Although neurodiversity is a subject most commonly discussed by HR professionals and executives striving to create strong, inclusive workplaces that thrive, building more accessible marketing programs that talk to a wider range of audiences (specifically in this case the neurodiverse) is also very important.

When you deliver quality marketing for neurodiverse people, you will see that news spreads like wildfire on social media. As a result, this audience will do the marketing for you because there are currently only a few marketers who make the effort to be more accessible. Also, there’s a multiplier for marketers, because it’s not only about communicating with the neurodiverse community but their families and their supporters as well.

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Connecting With The Neurodiverse Community

The challenge with reaching out to this market is that there are so few studies or research that guesstimate the market size in the first place. So, when you can’t determine how many people there are, it’s quite easy to ignore it. However, it doesn’t mean they don’t exist. As we’ve mentioned, 1 in 3 people identify as neurodivergent, so this is a good starting point. 

The key to engaging with this rich community is creating content that is accessible. If they don’t consider accessibility, marketers and brand managers will create barriers that prevent people from understanding or engaging with their brand.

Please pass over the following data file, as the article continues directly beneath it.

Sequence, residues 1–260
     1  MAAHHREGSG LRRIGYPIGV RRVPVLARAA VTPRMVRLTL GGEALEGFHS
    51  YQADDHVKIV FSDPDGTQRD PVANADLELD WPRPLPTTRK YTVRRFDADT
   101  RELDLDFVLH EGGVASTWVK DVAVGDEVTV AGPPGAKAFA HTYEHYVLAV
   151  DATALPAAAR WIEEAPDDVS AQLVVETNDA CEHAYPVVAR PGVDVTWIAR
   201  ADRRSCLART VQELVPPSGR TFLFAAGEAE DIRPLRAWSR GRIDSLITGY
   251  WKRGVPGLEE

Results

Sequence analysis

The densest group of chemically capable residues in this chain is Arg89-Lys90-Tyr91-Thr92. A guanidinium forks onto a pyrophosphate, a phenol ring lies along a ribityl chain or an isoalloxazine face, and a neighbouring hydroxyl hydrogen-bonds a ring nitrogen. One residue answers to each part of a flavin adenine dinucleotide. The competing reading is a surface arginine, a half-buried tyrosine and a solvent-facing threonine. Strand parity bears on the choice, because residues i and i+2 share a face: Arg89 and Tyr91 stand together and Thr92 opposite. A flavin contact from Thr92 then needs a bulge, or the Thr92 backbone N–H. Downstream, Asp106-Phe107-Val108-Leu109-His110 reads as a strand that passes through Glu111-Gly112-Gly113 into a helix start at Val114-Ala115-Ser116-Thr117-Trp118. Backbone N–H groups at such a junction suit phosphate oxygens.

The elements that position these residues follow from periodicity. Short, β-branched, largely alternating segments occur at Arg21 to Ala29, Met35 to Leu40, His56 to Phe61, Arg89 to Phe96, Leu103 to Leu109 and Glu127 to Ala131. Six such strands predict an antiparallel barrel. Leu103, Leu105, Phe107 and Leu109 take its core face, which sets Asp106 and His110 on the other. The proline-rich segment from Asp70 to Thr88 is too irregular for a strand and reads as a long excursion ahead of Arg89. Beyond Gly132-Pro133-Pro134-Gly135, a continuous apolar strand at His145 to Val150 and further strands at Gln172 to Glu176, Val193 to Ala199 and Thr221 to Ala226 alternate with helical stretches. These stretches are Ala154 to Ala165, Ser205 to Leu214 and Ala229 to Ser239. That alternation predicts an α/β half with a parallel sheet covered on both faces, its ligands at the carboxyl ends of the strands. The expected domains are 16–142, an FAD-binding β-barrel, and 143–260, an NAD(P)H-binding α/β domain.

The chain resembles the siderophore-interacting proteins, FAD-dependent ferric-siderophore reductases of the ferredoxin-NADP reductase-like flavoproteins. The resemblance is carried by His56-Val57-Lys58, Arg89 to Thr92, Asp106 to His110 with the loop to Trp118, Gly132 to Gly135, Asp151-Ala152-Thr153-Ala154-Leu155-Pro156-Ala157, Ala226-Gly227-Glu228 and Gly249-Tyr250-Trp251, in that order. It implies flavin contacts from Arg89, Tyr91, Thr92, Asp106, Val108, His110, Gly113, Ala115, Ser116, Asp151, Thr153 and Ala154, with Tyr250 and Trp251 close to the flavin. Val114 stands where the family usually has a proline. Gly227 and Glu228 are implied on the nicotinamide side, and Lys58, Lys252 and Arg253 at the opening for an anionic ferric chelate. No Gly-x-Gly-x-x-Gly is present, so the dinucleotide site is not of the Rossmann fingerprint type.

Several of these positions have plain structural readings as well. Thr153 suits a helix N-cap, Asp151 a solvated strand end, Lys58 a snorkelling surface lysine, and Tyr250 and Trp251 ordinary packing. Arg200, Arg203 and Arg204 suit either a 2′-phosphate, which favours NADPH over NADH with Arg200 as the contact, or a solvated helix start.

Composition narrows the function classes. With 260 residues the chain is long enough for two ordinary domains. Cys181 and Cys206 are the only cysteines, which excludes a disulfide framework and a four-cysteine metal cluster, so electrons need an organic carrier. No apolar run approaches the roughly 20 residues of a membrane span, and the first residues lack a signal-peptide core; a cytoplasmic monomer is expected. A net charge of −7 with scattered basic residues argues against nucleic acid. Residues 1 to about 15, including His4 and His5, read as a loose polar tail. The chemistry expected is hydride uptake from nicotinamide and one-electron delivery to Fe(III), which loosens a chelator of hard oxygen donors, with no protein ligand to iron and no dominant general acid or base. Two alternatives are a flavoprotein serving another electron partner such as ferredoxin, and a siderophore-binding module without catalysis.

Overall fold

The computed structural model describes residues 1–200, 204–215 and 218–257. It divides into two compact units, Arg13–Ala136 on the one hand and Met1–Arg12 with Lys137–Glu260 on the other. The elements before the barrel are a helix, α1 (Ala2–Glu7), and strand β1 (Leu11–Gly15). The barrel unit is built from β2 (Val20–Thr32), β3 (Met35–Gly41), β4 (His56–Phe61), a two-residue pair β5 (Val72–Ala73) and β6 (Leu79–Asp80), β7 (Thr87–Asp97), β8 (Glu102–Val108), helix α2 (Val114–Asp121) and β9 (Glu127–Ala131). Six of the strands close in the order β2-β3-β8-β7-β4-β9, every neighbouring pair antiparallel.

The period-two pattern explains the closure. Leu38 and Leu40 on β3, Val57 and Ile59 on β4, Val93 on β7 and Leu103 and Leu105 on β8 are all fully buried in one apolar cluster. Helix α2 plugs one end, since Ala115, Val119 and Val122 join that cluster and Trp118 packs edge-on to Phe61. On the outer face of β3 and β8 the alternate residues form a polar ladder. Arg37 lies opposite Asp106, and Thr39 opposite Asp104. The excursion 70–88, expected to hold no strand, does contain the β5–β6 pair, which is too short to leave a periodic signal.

Have your message created in all different formats and make sure that anyone can understand it in the format they prefer. Augment storytelling with technology. Include lots of visuals with texts, and publish content in video and audio formats. Implement ‘best practice guidelines’ around accessibility. For visually dominated mediums such as social media, it’s as simple as including text descriptions and subtitles. You can use YouTube video transcriptions wherever possible and make it a rule to include alt text for any online images.

Marketers need to consider who they want to represent in materials. Visible representation in marketing goes a long way toward boosting your ROI. Making far more of an effort to source and reach out to neurodivergent voices and give them the opportunity to speak for themselves.

Neurodiversity makes brand culture more diverse and interesting. No longer is the culture of a brand a one-size-fits-all approach. Having a neurodiverse mindset adds more depth and speaks to people in the way that they want to be spoken to.